Should You Bulk If You’re Skinny-Fat?
Our specialty is helping skinny guys bulk up, so no surprise, then, that one of the most common questions we get from skinny-fat guys is whether it’s okay to bulk or if they should cut down to a lower body-fat percentage first.
At first glance, neither bulking nor cutting sounds very appealing. Most skinny-fat guys have the awful experience of bulking up and seemingly just gaining fat or trying to lose weight and just winding up even skinnier.
To be fair, when you bulk, you’re probably building some muscle. It’s just you aren’t noticing it because it’s hidden by the fat. And when you cut, you probably aren’t losing that much muscle. It’s just that you’re getting smaller overall, your muscles aren’t as puffed full of glycogen, and you don’t have quite as much energy to train. Even if everything is going fine, it can seem like you’re losing muscle.
Either approach can help, as long as you do it correctly: bulk leanly and maintain your muscle mass while cutting. Mind you, that’s easier said than done.
We’ve written a full guide for skinny-fat guys here.
Nutrition plays a role here, but most of the guys that we see who are struggling with this are doing cardio or p90x style programs when trying to lose fat. These are programs designed for your average person looking for weight loss. And weight loss is what they get. They lose some fat, they lose some muscle.
Now, don’t get me wrong. Cardio can be effective, but it should be combined with hypertrophy training—training designed to stimulate muscle growth. If you do some cardio alongside your lifting routine, then burning some extra calories and raising your metabolism a little higher can help with body recomposition. It can help skinny-fat guys build muscle and lose fat simultaneously. But the main driver of that body recomposition is hypertrophy training, not cardio, so emphasize the hypertrophy training.
The other option is to combine a bulking program with a fat-loss diet. Eat for fat loss while training for muscle size. Your diet will take care of the fat loss, and your training will ensure that you don’t lose muscle. In fact, you may even gain muscle while cutting.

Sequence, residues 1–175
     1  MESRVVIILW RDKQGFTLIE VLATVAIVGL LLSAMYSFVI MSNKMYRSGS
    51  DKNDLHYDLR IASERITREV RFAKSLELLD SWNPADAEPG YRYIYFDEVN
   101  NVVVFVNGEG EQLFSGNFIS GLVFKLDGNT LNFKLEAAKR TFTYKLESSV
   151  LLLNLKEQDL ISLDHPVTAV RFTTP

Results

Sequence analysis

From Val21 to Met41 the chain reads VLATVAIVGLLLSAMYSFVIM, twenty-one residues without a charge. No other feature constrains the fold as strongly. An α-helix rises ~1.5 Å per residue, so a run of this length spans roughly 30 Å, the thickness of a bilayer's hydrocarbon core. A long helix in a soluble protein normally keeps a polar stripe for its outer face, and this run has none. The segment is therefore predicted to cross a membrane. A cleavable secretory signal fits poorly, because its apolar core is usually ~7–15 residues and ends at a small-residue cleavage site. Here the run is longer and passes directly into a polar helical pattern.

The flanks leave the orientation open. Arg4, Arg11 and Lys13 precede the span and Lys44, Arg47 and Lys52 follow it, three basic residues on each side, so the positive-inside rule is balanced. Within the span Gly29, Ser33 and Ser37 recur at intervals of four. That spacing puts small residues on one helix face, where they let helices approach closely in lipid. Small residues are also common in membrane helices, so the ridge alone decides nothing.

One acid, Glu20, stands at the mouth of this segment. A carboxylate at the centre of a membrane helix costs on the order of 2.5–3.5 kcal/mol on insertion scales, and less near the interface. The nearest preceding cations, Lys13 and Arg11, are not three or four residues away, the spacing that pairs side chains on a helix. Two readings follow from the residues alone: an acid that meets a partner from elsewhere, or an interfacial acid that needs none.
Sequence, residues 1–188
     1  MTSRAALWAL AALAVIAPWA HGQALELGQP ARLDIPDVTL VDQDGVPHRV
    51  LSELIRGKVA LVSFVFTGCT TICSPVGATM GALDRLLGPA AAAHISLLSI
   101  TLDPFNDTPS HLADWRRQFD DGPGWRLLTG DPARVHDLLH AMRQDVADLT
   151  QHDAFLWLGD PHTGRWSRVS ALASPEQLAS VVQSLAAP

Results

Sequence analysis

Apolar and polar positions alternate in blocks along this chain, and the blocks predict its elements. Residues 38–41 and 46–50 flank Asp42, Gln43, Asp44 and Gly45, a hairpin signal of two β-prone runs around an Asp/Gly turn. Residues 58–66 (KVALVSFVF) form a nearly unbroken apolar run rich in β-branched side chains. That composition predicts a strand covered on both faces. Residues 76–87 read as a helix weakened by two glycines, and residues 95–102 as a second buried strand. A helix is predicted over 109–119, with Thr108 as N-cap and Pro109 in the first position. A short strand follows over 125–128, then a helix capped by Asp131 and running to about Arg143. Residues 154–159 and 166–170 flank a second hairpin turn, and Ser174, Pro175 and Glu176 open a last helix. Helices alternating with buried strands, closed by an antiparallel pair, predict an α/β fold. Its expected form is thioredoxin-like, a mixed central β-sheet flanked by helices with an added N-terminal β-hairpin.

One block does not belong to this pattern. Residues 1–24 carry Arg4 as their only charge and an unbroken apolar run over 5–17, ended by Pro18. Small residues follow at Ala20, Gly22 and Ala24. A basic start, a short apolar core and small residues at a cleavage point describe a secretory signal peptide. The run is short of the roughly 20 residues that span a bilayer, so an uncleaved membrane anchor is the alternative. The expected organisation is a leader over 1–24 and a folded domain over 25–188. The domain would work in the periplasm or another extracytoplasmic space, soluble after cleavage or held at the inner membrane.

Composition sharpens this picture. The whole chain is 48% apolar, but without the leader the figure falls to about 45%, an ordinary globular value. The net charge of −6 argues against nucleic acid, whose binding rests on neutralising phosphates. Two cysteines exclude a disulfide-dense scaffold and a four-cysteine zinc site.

Not everyone succeeds at losing fat and building muscle simultaneously, but skinny-fat guys often have success with it, especially if they’re relatively untrained or out of shape (study, study). For an example of that, here’s what happened in a study comparing weightlifting with aerobics when in a calorie deficit:
- The aerobics group lost seven pounds of fat while also losing six pounds of lean mass. (Thirteen pounds lost overall.) If you were a 170-pound man with 20% body fat, this would bring you down to 157 pounds with 17% bodyfat. You’d have lost a fair bit of muscle and still wouldn’t be anywhere close to having abs.
- The hypertrophy training group lost 22 pounds of fat and gained four pounds of lean mass. (Eighteen pounds lost overall.) If you were a 170-pound man, this would bring you down to 152 pounds with 8% body fat. You’d have fitness model abs, a few pounds more muscle, and could begin bulking leanly from there.
That’s the approach we take with our clients, doing a few weeks of cutting combined with hypertrophy training, and then doing a couple of months of lean bulking. After a few months of that, the transformations can be quite impressive:
Okay, I’ll end this one here. Here’s where to go next:
FREE Bulking Mini-Course
Sign up for our 5-part bulking mini-course that covers everything you need to know about:
- Hardgainer genetics and how to make the most of them.
- How to take a minimalist approach to bulking while still getting great results.
- What you need to know about aesthetics, health and strength while bulking up.
Leave a Comment